hobble (n.)

1727, "a hobbling gait," from hobble (v.). From 1775 as "something that hobbles."

hobble (v.)

c. 1300, hoblen "to rock back and forth, toss up and down," probably from or cognate with dialectal German hoppeln, Dutch hobbelen "toss, ride on a hobby-horse; stutter, stammer" (which, however, is not recorded before late 15c.). Or perhaps a variant frequentative of hop (v.).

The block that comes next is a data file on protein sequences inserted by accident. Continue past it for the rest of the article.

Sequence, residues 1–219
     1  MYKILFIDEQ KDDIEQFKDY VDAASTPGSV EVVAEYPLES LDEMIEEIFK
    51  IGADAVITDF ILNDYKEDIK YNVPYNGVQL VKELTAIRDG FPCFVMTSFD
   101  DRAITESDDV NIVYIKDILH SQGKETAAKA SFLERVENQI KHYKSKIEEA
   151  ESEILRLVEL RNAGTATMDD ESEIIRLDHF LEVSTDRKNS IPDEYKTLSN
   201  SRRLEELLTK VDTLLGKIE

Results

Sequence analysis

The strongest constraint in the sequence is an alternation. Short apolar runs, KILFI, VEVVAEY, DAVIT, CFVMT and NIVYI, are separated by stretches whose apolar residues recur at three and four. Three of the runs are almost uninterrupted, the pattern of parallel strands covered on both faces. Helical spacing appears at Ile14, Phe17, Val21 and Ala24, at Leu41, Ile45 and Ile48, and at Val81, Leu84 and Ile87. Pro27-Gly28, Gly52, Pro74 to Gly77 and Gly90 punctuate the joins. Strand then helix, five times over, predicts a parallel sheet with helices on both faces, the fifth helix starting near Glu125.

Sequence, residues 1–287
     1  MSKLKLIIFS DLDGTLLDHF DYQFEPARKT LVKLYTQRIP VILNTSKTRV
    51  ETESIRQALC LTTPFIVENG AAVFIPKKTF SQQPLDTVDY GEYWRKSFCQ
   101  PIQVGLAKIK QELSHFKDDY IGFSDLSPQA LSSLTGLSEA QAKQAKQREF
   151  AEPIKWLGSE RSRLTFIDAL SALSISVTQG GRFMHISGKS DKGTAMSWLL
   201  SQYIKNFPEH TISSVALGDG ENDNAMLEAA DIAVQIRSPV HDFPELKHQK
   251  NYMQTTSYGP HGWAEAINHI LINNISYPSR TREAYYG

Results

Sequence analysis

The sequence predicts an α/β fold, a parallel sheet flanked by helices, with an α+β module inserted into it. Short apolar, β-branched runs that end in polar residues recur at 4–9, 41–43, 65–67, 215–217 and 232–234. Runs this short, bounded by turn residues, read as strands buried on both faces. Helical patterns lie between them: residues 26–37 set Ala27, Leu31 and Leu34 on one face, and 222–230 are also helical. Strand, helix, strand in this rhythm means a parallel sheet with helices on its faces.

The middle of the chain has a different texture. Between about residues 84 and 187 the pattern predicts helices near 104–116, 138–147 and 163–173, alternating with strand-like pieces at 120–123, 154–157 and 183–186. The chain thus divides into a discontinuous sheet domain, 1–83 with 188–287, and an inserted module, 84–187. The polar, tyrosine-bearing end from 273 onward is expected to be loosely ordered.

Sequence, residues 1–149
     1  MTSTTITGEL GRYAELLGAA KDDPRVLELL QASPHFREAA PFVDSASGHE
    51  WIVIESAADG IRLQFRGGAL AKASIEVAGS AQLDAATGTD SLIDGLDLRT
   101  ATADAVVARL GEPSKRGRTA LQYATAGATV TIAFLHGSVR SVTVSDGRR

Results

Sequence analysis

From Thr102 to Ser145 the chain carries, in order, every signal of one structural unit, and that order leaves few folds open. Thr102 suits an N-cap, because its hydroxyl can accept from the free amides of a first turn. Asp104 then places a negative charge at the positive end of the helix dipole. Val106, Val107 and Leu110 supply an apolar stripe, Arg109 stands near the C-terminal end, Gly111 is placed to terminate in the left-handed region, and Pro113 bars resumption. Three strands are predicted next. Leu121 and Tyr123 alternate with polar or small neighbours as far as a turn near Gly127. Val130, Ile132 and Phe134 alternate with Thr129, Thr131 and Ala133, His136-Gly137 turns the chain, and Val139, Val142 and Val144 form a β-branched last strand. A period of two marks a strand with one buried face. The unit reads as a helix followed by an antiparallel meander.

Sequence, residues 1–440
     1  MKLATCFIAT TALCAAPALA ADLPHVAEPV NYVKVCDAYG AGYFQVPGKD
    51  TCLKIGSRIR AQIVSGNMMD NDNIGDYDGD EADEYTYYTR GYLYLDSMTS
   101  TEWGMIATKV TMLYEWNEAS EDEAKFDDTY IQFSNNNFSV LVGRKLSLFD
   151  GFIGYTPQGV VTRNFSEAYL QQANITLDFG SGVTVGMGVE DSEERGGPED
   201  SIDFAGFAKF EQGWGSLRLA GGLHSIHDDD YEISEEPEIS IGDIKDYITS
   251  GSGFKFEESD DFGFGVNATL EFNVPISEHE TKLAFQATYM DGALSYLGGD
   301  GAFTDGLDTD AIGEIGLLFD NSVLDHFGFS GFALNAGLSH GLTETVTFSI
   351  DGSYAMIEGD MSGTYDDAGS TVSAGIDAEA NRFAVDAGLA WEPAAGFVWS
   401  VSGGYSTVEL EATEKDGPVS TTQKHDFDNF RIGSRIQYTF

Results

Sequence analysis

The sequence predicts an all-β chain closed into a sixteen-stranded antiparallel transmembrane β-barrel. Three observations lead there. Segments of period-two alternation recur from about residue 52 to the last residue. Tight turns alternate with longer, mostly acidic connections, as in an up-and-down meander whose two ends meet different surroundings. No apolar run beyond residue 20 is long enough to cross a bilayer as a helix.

Meaning "to walk lamely" is from c. 1400. Transitive sense of "tie the legs (of an animal)" to impede or prevent free motion first recorded 1831, probably an alteration of 16c. hopple, cognate with Flemish hoppelen "to rock, jump," which also is related to Dutch hobbelen. Sense of "hamper, hinder" is c. 1870. Related: Hobbled; hobbling.